In this large cohort study, we investigated the independent effects of anxiety symptoms and depressive symptoms on fear of falling and activity restriction using a nationally representative sample of older adults in the United States. We found that (1) 10% and 13% of participants at T1 reported experiencing symptoms of anxiety or depression, and approximately 20% and 11% reported “Had fear of falling but not activity restriction” or “Had activity restriction” at T2, respectively; (2) anxiety symptoms were associated with a higher risk ratio of “Had fear of falling but not activity restriction” and “Had activity restriction” one year later adjusting for depressive symptoms; and (3) depressive symptoms did not seem to have any association with fear of falling and activity restriction.
Consistent with previous studies (12, 34), our results showed that anxiety symptoms increased the risk of future fear of falling. The reason could be that fear and anxiety symptoms are similar as they are the basis of anxiety disorders (35) and the presence of anxiety symptoms could be the driving factor of fear of falling (34). Moreover, we found that anxiety symptoms remained a significant independent factor that is associated with “Had fear of falling but not activity restriction” even after controlling for depressive symptoms. More specifically, participants with anxiety symptoms were 1.33 times more likely to develop fear of falling in the following year compared to those without anxiety symptoms. This result was consistent with Payette et al’s study (27), a pilot study that concluded the significant relationship between anxiety symptoms and fear of falling while controlling for depressive symptoms, fall risk, and sociodemographic variables. Payette’s study was a small, pilot study (N = 25) with a high proportion of women (88%). However, we can say that the results of our study can be better interpreted and generalizable because of the large sample size and a more balanced female proportion (58.1%) (27).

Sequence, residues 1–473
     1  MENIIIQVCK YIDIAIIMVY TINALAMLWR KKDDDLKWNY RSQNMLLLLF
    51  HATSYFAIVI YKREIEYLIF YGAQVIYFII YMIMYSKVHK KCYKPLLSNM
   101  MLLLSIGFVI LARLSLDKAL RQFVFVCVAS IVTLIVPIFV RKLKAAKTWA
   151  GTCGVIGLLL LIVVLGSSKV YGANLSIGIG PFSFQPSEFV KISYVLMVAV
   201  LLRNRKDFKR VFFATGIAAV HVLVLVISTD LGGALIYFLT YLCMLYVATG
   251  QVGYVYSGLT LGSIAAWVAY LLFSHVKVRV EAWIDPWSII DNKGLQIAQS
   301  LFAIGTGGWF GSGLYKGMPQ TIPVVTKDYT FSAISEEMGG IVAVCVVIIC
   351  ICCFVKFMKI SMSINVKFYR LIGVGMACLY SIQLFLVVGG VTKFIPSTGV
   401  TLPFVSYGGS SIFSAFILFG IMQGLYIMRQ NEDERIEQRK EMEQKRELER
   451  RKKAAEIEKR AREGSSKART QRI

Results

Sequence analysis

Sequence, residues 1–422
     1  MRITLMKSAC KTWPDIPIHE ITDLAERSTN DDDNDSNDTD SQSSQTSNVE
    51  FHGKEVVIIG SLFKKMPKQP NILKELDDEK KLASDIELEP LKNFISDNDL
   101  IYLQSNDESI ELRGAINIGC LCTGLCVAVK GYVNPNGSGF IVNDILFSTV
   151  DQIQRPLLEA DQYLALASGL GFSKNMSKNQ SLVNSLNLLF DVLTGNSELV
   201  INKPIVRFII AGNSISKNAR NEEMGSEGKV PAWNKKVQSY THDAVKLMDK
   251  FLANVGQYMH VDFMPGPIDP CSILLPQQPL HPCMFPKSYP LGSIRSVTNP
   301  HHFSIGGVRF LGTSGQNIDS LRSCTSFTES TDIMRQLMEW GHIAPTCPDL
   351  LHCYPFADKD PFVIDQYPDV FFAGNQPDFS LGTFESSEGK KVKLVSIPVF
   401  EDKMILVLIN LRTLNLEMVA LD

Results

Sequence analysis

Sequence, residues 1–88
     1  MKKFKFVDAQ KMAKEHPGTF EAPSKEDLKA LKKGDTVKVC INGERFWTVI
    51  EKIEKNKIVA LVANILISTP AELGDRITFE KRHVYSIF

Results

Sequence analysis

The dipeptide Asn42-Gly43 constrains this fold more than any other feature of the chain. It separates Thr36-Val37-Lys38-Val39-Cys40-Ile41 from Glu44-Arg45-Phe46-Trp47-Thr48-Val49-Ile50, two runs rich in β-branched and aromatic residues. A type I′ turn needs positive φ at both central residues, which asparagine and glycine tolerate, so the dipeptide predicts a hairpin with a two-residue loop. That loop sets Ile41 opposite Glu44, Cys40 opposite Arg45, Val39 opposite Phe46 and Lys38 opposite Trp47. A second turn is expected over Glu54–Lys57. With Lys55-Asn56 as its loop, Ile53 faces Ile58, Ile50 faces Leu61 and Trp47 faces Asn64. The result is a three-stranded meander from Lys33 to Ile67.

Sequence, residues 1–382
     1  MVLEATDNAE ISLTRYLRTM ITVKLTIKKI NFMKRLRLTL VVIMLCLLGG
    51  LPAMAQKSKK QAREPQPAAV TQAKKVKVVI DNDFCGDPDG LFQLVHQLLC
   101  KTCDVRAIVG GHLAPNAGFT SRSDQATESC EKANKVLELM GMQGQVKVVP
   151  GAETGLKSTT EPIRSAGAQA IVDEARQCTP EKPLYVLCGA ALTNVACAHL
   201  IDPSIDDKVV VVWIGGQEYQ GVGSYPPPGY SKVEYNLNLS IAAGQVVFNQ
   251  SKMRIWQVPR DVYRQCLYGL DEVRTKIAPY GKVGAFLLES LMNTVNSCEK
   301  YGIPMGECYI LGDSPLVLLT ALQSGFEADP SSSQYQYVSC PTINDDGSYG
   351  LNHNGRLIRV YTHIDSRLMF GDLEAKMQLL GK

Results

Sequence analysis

We also found that anxiety symptoms increased the risk of future activity restriction independently. This result also supported the previous studies (25, 26). For example, Hull and colleagues found that anxiety symptoms measured by the Geriatric Anxiety Inventory were a significant factor of fall-related outcome expectancy in a sample of 205 community-dwelling older adults, and activity restriction was a component of this outcome index (25). Painter and colleagues found anxiety symptoms assessed by the Hamilton Anxiety Scale could predict activity restriction through the indirect influence of fear of falling rather than directly among 99 community-dwelling older adults (26). Though these studies found a significant association between anxiety symptoms and activity restriction, it should be noted that they failed to establish a direct, independent, and longitudinal association. First, they did not use activity restriction as a direct target outcome but measured it via other variables such as fear of falling. Second, they did not control for depressive symptoms. Third, the longitudinal association could not be established due to their cross-sectional study design. Our study not only provided evidence of whether anxiety symptoms were directly and independently related to activity restriction, but presented the significant longitudinal effects of anxiety symptoms for future fall worry levels. Therefore, our results underscored the importance of screening older adults with anxiety symptoms to prevent future development of fear of falling and activity restriction, as well as related adverse health outcomes.